“Ten years ago it was completely different, we saw Turkey as the enemy, a brutal force out to get us,” said Nejem. “But the enemy of my enemy is my friend. People are starting to see Turkey as an Islamic country that is helping us.”

His Islamic background, tough-love charisma and penchant for telling off Israel has made Turkish Prime Minister Recep Tayyip Erdogan an increasingly popular figure on Arab streets. In market stalls around Damascus, magnets and buttons featuring the prime minister’s mug are being sold alongside images of Hezbollah’s Sheikh Nasrallah and El Che.

Arab tourism to Turkey is also on the rise. About 105,000 visitors from a cluster of Arab countries, including Jordan, Saudi Arabia and the United Arab Emirates, came to Turkey in May this year, an increase of about 33 percent from the same month last year.

“We love to come here now,” said Abu Mustafa, a Palestinian businessman on vacation in Istanbul. “Turkey hasn’t had a leader like Erdogan since Sultan Abdulhamid [II].”

The last absolute monarch of the Ottoman Empire, Abdulhamid II was long despised in Syria, under Ottoman control for more than 400 years. Popular Syrian series portrayed the sultan as an autocratic despot out to destroy their people.

But his pre-World War II refusal to sell land in Palestine to Zionists in exchange for the paying off of the Empire’s debt and a brand new navy has changed his legacy from that of despot to hero, and a new series this year, "Suqut al-Khilafa" (Fall of the Caliphate), paints a rosy picture of the sultan.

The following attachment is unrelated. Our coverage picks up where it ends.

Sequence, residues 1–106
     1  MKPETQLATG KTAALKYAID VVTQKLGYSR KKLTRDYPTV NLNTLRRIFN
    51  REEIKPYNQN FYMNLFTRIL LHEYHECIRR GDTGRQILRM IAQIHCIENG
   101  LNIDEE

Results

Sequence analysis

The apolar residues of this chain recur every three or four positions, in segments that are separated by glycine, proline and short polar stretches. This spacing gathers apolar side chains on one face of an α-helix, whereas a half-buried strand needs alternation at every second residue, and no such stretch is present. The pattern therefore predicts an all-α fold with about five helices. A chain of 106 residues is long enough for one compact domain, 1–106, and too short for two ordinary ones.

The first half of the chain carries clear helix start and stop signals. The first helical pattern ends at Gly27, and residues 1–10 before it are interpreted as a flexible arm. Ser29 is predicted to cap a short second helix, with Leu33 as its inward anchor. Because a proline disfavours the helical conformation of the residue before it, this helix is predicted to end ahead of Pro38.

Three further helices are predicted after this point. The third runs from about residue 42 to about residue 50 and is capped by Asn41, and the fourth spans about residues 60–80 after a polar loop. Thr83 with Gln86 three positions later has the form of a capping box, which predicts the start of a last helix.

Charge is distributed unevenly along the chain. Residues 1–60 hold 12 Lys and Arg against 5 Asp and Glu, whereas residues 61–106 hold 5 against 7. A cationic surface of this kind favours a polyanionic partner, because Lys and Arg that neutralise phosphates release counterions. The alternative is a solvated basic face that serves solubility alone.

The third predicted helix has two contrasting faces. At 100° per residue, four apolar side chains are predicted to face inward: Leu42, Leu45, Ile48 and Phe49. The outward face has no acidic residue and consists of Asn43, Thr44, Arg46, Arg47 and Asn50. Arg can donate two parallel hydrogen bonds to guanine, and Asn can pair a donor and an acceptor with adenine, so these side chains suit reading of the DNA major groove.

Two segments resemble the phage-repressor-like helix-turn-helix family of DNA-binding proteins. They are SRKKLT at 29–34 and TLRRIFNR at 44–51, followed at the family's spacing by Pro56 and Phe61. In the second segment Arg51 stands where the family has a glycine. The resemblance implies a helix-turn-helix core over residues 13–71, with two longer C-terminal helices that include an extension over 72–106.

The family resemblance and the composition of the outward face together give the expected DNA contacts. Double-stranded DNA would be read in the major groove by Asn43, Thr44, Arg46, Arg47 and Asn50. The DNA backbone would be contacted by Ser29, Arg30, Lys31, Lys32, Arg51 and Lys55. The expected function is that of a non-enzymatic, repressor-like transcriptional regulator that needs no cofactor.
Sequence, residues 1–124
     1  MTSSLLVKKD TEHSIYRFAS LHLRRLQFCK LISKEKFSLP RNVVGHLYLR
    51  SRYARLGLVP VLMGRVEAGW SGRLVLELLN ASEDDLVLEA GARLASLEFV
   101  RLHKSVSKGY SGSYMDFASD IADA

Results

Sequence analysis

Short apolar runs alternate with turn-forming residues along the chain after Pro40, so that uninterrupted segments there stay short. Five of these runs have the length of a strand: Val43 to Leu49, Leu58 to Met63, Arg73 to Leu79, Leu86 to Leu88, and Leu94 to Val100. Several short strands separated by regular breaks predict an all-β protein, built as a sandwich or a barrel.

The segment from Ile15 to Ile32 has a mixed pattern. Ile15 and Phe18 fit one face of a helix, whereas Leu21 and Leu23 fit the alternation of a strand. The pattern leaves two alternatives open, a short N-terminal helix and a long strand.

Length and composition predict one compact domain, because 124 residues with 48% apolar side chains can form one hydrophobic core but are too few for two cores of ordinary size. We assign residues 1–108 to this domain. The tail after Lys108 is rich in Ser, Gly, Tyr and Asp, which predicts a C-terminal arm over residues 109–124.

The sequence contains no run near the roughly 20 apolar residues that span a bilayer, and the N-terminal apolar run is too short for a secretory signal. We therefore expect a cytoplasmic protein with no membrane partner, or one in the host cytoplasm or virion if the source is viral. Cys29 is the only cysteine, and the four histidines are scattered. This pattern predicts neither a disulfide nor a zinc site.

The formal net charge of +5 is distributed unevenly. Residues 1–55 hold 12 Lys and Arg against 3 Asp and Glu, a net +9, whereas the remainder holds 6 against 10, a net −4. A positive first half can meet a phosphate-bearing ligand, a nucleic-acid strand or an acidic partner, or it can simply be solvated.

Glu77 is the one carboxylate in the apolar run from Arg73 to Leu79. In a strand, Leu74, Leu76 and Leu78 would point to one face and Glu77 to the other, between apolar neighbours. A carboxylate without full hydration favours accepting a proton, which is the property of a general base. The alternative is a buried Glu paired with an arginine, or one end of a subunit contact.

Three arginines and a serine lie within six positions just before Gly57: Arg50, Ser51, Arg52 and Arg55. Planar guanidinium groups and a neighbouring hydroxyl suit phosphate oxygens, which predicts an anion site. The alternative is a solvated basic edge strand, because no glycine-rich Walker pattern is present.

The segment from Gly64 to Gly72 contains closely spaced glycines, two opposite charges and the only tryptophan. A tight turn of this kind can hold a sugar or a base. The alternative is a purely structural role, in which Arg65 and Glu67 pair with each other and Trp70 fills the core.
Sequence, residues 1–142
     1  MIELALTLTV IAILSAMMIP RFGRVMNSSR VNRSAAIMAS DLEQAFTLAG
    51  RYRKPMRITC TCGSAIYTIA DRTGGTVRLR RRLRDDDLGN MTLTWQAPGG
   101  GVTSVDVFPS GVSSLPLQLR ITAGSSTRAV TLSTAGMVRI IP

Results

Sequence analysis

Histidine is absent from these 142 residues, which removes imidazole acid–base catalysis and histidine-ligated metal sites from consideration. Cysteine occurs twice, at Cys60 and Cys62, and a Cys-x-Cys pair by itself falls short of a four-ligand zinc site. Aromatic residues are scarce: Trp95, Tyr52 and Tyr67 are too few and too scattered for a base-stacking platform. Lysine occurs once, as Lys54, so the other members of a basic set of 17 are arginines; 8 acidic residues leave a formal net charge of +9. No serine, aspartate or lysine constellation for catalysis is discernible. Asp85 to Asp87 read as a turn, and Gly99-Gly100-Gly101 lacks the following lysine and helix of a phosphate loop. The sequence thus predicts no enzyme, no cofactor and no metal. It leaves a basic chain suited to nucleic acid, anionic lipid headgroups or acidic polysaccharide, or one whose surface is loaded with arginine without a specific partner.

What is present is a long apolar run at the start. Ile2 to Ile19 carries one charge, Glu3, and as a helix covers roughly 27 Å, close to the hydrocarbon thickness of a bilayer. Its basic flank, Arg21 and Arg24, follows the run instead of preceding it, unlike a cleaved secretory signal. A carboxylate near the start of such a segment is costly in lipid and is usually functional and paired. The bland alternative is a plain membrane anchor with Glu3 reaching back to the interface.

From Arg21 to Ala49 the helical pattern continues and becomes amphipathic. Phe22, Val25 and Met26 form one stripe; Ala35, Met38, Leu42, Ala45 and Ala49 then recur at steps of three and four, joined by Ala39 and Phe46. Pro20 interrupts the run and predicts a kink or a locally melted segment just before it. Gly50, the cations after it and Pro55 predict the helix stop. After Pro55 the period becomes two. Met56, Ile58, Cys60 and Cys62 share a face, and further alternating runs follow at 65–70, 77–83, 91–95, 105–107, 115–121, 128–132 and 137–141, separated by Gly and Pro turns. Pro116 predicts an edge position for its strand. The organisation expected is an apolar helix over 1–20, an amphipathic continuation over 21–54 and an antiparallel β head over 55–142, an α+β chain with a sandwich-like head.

The lifting of visa restrictions last fall brought the already burgeoning relationship to new heights. A well-paved road runs the five kilometers from A’zaz to the border, where the Turkish and Syrian flags hang side by side.

With no visas, the exchange of goods and labor has become increasingly free — from Turkish capital inflows to projects in northern Syria to rising numbers of Syrian workers in Turkey’s southeast. But as legal trade becomes easier, so does smuggling.

“Smuggling is a way of life in Syria,” said Andrew Tabler, the next generation fellow at the Washington Institute for Near East Policy and co-founder and former editor of Syria Today, who explained that goods ranging from mechanical parts to fuel have been making their way illegally across the border.

Syria’s trade with Turkey is also deeply one-sided. In 2009, Turkey’s exports amounted to $1.4 billion, while Syria only exported $328 million in exchange. Many here are beginning to ask whether the free trade agreement is just another form of neo-colonialism in which Syria’s industry is being overwhelmed by bigger, and more efficient, Turkish companies.

“You need to introduce competition to reform the markets, but opening up to Turkish competition has exposed the Syrian market to a tremendous amount of hurt,” said Tabler. “I wouldn’t call it tough love, but maybe good pain? Sometimes you just have to bite the bullet and Syria is not very good at that.”

Related Stories